My favorite part of the New Testament is the ‘gotcha’ factor that comes with reading it after reading the Old Testament. You know what I am talking about. That moment in time when something finally clicks and it all makes sense. It is almost like a lightbulb went on in your head. Or its that moment where you think no one is in the room and you say, “ohhhhhhhh I got it.” Yes that is the New Testament. It all starts to click, it all starts to show us so much more of our faith and why we do what we do!
We kept saying the Old Testament will be fulfilled by the New, but what does that mean? What is the New Testament all about anyway? Saint Augustine said, “The New Testament is hidden in the Old, and the Old Testament is revealed in the New.” In essence we can’t fully understand the Old Testament without the New. The New Testament is about the time of Christ and what was promised to us in the Old and what we were being prepared for.
The New Testament is compiled of four parts; The Gospels, the Acts of the Apostles, the Epistles, and Revelations. The layout between the Old Testament and the New are very similar. They both start with laying a foundation, here it is the Gospels telling how Jesus brought the New Law by which we all live by. The Acts of the Apostles is the history aspect of the New Testament and shows the spread of the new kingdom, or the Church. The Epistles come next and they are the ‘wisdom,’ giving mediations and ideas of how to live a Christian Life. Lastly we have the book of Revelations, which we can relate to the prophets, this showing us what judgment brings.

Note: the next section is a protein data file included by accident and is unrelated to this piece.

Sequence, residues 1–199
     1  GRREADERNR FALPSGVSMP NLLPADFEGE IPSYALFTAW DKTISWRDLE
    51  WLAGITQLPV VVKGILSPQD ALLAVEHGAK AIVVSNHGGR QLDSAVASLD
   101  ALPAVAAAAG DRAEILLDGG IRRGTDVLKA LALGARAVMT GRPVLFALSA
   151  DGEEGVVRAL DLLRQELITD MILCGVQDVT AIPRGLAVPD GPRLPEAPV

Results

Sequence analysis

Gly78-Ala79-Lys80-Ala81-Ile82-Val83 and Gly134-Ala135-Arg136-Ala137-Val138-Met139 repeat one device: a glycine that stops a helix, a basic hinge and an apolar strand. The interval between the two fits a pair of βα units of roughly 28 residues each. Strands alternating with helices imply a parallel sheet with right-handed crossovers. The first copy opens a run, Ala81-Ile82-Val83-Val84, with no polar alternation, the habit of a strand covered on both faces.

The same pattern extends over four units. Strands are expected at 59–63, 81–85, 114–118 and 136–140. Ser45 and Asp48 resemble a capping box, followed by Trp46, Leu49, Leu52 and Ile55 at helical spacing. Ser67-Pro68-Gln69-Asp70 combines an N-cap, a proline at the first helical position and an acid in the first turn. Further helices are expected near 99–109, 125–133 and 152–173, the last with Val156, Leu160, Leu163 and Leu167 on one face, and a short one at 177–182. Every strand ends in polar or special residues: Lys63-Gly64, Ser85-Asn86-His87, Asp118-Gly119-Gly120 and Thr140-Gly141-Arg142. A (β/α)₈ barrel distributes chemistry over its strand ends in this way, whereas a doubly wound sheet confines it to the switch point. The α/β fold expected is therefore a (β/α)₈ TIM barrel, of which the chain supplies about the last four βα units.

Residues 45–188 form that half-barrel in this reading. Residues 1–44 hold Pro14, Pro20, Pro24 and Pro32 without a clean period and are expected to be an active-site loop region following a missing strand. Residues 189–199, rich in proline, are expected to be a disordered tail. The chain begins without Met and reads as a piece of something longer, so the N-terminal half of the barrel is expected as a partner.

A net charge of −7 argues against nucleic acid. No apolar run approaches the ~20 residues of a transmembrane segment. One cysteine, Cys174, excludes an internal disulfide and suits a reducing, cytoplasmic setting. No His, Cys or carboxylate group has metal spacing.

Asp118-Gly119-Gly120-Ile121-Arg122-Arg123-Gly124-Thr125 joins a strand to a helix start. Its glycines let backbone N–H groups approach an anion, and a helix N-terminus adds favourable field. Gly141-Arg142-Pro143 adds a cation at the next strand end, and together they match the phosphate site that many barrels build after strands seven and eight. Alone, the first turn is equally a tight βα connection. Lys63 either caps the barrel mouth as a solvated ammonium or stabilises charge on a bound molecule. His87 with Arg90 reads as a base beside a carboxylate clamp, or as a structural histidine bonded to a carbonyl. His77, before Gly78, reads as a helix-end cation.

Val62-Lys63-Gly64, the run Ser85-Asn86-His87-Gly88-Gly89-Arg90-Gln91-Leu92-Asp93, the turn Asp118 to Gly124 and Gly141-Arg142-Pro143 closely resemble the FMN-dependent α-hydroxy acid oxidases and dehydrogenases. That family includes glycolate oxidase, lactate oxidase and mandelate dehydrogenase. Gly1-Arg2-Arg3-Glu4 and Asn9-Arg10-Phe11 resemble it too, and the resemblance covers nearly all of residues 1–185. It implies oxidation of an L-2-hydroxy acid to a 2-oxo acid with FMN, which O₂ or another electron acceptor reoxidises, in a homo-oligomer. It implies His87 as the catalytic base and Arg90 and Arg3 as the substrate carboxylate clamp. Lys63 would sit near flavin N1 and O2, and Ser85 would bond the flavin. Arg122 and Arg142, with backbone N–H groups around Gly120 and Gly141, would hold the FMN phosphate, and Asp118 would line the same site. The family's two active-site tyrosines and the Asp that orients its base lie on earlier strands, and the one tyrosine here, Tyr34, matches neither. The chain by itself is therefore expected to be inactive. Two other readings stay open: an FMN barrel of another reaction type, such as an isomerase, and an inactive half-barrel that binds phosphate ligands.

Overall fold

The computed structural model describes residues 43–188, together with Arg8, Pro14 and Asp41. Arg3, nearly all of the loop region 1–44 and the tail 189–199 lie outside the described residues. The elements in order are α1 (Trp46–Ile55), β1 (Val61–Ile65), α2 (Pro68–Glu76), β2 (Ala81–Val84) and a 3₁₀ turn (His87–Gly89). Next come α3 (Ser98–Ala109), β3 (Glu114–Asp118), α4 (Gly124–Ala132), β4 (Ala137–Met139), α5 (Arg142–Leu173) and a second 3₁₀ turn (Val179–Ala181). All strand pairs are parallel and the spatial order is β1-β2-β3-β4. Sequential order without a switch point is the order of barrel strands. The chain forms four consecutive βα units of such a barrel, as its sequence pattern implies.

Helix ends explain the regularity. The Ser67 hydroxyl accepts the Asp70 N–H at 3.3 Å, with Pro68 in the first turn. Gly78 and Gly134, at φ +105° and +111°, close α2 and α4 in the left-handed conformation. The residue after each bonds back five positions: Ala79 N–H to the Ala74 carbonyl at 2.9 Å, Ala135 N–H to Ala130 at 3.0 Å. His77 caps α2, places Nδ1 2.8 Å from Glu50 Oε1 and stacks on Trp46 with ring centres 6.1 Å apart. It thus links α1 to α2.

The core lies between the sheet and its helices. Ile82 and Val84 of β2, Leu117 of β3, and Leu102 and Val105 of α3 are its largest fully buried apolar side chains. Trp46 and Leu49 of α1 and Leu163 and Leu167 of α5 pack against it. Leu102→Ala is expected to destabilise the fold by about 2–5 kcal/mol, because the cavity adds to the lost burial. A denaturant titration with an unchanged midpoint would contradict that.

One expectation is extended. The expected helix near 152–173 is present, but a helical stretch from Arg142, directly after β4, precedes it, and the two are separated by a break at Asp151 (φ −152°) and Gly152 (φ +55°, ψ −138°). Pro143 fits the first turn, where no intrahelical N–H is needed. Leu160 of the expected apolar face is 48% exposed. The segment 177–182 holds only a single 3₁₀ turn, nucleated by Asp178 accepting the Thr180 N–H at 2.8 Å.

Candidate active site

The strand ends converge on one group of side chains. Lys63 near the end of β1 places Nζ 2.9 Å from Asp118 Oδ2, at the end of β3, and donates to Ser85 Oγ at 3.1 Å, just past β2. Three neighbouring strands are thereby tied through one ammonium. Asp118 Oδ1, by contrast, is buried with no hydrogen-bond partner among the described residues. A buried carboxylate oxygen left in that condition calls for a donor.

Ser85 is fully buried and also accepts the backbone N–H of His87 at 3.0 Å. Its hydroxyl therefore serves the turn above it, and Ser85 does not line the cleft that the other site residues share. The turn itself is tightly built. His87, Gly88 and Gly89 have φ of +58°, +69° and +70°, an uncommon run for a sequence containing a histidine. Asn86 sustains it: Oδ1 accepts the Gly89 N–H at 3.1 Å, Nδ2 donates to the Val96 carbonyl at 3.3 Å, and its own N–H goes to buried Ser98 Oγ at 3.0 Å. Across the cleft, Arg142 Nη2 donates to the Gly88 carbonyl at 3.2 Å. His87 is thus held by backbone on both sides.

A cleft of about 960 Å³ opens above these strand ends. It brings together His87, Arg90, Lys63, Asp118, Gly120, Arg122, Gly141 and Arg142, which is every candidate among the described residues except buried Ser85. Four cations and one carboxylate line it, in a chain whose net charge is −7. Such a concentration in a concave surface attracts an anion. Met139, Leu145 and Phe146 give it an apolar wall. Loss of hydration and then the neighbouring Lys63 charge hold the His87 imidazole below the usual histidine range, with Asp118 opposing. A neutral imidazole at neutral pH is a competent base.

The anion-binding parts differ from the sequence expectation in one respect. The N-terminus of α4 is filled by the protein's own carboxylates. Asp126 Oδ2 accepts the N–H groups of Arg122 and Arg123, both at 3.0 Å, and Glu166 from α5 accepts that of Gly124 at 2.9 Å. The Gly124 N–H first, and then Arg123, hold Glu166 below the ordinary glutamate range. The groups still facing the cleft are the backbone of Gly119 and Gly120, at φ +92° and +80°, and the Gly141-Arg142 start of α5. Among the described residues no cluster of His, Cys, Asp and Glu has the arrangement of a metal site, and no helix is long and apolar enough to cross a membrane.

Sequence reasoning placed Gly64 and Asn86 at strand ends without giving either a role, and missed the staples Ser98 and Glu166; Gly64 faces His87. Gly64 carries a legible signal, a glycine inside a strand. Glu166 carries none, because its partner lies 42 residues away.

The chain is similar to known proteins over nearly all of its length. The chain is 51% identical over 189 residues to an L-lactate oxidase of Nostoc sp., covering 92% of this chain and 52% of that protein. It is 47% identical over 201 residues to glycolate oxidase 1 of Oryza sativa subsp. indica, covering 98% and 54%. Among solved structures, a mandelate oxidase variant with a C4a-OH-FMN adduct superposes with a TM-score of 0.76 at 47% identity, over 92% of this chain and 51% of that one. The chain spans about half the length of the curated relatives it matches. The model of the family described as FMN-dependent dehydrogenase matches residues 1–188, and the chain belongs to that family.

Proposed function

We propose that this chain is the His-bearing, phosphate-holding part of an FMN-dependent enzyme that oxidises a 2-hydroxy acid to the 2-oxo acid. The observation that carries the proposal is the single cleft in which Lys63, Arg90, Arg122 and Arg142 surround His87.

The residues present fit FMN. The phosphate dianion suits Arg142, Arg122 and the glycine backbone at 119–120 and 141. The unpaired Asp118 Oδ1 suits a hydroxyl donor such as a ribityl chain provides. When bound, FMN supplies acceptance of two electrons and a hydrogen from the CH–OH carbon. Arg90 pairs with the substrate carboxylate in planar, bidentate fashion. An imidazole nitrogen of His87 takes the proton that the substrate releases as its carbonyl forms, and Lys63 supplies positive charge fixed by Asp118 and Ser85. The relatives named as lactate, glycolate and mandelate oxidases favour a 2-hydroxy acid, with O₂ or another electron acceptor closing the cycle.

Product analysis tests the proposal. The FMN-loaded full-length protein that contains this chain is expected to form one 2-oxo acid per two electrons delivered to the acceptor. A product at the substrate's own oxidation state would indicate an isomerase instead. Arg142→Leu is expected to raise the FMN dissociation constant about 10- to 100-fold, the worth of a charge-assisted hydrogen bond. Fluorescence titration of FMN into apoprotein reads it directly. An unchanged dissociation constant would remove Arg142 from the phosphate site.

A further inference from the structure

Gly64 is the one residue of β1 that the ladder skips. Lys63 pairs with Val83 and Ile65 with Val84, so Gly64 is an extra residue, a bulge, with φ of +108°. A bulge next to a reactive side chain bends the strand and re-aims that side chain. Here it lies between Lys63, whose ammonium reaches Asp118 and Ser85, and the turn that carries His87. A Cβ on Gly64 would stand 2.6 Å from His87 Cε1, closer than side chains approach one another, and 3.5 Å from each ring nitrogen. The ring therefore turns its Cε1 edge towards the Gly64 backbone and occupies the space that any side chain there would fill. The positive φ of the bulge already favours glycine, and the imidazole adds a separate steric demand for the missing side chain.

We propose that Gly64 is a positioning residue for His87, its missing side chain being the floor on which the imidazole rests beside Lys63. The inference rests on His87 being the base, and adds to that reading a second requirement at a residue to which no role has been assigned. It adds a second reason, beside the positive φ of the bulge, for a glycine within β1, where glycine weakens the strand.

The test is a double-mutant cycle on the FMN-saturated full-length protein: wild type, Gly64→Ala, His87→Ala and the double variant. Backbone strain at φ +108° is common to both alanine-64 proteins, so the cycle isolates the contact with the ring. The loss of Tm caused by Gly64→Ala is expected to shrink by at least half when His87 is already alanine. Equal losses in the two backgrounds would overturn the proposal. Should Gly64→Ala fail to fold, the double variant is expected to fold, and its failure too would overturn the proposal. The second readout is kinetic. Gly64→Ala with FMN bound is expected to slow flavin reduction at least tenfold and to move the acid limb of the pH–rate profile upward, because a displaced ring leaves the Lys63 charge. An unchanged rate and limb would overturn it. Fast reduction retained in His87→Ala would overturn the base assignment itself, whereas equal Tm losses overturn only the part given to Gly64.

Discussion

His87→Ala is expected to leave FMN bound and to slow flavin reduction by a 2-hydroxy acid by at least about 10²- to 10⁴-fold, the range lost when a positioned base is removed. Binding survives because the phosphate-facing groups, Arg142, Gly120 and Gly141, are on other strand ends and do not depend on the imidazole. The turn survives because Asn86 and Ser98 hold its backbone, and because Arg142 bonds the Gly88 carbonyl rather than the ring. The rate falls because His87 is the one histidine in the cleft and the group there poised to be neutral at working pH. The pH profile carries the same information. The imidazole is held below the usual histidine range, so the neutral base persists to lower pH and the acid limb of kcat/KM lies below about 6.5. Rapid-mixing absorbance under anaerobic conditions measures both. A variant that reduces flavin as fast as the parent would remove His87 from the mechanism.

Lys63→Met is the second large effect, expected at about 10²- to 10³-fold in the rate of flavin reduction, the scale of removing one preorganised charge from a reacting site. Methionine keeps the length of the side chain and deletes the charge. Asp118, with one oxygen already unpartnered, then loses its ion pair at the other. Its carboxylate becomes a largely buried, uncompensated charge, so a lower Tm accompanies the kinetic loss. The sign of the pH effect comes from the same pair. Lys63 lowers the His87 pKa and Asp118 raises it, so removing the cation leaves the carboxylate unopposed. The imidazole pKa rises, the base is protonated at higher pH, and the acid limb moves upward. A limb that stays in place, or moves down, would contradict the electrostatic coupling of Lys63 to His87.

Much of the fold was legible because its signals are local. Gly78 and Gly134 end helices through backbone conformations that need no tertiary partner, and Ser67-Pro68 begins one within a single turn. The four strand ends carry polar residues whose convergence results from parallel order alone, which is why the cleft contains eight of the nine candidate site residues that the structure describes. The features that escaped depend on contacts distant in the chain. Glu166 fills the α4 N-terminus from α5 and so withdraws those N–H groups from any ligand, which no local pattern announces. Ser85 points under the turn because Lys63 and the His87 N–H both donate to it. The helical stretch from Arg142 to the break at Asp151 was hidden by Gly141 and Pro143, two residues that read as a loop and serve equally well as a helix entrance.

One of the most important parts of the New Testament is the Gospels. The four Gospels are Matthew, Mark, Luke and John. These four Gospels are about Jesus’s life, and these were formed in written in three stages. First the sacred authors needed to hear the Divine Inspiration of God, then they needed to freely accept God’s offer, and they third needed to begin to record the Divine Inspiration. These stages tell us the Church has a foundation and that we are built on “the Word made Flesh.” Jesus came so that we may have life and therefore He divinely inspires us day to day.
“The Word made Flesh.” That verse is so important and so true to the seams of what the New Testament is. In the New Testament when reading through I want to challenge you to dissect the verse you are reading to see how the Old is revealed in the New and how the New was hidden in the Old. It truly is beautiful. But I also challenge you to dissect how some verses may correspond to our physical and spiritual needs. Most of all though when dissecting a verse, you most certainly cannot forget the content that surrounds what we are reading.
Lastly, the New Testament challenges us not just to read the words of all the pages but was originally compiled as a list of books to be read in the liturgy. In the liturgy is where each and every one of us is called to live out each of the words that are being read. It is our chance to truly live out “the Word made flesh.” The New Testament is where we see the Lord break bread with his disciples, flash forward 2000 years and we, his disciples, get to physically break bread with Him every Sunday, and if we so choose, everyday. The New Testament is where we put having faith like a mustard seed to the test and step out of the boat, just like Peter did in the New Testament. This is our call to live it out daily, and let the New and Old Testament be our guidebooks to our lives.